The iron trade is on the brink of a great
calamity. There has existed for some time a kind of agreement between the ironmastere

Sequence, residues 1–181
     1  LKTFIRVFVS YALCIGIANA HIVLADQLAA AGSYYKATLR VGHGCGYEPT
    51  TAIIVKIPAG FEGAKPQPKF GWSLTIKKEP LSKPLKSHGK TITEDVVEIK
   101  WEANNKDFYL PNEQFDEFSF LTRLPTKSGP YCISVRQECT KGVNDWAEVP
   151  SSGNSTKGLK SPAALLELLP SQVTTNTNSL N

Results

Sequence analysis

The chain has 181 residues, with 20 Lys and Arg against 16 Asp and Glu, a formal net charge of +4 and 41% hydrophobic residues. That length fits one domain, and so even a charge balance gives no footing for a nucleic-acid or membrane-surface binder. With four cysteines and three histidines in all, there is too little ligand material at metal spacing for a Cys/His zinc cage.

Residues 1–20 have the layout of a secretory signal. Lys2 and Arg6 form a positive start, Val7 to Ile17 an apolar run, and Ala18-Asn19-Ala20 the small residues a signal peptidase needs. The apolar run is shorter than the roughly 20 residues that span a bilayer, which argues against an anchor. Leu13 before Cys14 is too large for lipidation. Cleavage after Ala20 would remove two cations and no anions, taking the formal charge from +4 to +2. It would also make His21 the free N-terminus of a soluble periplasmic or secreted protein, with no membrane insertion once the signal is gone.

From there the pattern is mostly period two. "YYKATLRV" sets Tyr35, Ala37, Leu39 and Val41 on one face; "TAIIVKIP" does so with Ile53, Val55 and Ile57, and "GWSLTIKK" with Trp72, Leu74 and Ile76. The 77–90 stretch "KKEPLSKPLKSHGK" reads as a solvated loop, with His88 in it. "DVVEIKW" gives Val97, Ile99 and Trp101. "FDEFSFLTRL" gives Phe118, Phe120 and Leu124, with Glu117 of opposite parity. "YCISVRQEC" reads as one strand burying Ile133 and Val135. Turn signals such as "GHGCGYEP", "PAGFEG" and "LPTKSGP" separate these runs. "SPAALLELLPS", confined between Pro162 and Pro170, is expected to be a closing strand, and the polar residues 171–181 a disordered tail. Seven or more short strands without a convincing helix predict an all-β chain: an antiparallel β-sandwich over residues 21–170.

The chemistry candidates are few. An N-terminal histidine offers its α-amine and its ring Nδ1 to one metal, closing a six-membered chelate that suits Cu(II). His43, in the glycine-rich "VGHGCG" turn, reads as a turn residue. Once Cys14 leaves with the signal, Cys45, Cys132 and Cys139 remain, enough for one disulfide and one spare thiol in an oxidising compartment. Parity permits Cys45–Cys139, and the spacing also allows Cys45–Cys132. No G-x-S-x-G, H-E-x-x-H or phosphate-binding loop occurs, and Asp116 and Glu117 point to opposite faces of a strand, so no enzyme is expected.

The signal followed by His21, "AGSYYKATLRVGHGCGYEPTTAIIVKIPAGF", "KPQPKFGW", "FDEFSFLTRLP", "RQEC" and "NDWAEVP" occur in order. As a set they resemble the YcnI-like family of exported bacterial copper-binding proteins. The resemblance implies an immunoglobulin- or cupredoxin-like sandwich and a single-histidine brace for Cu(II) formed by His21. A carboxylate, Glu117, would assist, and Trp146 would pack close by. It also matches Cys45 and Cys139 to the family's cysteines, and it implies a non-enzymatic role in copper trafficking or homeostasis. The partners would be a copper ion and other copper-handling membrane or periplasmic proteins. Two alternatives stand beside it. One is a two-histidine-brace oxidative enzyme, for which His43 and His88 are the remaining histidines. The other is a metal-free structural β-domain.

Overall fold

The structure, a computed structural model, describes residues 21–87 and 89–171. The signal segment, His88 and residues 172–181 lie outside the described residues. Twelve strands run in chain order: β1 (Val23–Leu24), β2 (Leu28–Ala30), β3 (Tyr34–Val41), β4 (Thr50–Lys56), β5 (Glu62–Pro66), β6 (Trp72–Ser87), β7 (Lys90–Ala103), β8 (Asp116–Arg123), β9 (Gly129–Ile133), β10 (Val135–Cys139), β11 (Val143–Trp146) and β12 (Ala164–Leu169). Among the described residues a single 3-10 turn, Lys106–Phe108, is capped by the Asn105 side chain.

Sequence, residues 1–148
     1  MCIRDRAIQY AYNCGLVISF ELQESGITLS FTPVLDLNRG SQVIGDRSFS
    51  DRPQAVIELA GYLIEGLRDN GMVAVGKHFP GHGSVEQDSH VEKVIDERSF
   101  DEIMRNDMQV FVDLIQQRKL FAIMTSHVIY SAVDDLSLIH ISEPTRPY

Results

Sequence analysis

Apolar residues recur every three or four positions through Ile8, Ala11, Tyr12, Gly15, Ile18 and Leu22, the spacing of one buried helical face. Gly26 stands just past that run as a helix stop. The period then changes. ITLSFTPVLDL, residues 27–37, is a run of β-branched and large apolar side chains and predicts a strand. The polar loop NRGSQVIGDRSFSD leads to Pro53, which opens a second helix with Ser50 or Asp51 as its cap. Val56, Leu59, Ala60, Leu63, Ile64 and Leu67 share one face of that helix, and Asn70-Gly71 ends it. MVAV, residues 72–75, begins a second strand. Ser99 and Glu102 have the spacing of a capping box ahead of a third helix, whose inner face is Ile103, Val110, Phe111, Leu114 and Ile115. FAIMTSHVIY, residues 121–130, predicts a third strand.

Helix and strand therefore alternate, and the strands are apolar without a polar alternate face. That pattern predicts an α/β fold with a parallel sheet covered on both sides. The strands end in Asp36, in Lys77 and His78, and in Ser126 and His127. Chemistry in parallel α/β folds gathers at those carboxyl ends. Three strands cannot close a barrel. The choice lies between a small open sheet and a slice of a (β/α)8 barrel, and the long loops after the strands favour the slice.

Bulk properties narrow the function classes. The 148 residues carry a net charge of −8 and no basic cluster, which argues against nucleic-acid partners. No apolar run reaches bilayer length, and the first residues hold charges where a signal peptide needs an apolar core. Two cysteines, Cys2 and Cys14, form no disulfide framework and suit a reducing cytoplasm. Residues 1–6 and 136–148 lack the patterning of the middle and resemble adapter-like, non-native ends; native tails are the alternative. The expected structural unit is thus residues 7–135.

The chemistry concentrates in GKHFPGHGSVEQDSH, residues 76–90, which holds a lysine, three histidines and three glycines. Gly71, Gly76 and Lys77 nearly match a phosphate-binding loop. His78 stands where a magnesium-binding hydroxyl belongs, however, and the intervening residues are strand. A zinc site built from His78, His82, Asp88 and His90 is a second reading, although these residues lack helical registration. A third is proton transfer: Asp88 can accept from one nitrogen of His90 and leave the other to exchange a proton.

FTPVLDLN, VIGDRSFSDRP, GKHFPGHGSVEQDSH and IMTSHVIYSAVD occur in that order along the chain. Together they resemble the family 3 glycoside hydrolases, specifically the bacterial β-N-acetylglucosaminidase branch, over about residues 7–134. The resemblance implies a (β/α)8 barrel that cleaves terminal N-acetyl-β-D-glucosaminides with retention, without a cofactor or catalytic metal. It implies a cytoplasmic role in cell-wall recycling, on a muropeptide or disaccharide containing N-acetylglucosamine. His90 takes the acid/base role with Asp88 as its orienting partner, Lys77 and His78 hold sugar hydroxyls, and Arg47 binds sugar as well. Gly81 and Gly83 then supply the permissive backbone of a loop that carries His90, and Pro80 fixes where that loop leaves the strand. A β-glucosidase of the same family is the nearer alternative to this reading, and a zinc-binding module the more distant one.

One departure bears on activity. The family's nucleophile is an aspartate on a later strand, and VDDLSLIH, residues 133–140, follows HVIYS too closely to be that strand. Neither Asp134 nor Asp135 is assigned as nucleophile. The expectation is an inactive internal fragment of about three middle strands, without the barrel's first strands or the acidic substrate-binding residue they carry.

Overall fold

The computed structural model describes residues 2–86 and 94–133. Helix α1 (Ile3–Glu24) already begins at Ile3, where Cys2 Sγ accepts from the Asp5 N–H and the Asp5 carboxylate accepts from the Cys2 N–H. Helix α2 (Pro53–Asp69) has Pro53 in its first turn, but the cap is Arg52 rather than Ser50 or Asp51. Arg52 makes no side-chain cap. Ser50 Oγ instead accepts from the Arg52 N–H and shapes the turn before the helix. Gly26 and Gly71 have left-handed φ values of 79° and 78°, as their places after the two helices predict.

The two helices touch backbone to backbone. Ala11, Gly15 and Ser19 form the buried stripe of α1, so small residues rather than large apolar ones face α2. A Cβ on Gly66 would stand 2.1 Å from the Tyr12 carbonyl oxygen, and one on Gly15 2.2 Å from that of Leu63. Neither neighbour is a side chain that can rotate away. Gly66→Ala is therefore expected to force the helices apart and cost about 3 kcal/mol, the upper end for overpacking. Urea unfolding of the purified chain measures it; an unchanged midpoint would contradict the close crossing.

and the puddlers that the men shall have as daily wages ls. in the 1/. of the price,—if that is 81. they will have 8s., and so on. Recently iron falling, the masters might have reduced, but waited until, being able to wait no longer, they made the re- duction. The men generally yielded, but the puddlers of North Staffordshire refused and struck, relying on contributions from the trade generally. Thereupon the masters, who also form a Union, threatened that unless the North Staffordshire men gave way they would to-day commence a general lock-out. The Unions have in vain tried to induce the men to submit, and by the latest news on Friday it appears that to day every forge in Great Britain and Wales will be closed, at a loss to the men of 120,0001. per week in wages alone, and to the country of an amount frightful to con- template. The action of the masters appears at first eight harsh, but the case is very peculiar, the puddlers really dictating to the mass of the workers as well as to the employers, and using their power most determinately. We trust the quarrel will end in a combined committee, but Mr. Gladstone should look into the ques- tion of these strikes. He is the only member of the Cabinet not afraid to move, and the evil cannot be beyond remedy. Suppose we have an official arbitrator to act as ex-officio chairman of the combined committee of each trade? Its resolutions would then have a moral weight almost as effective as law.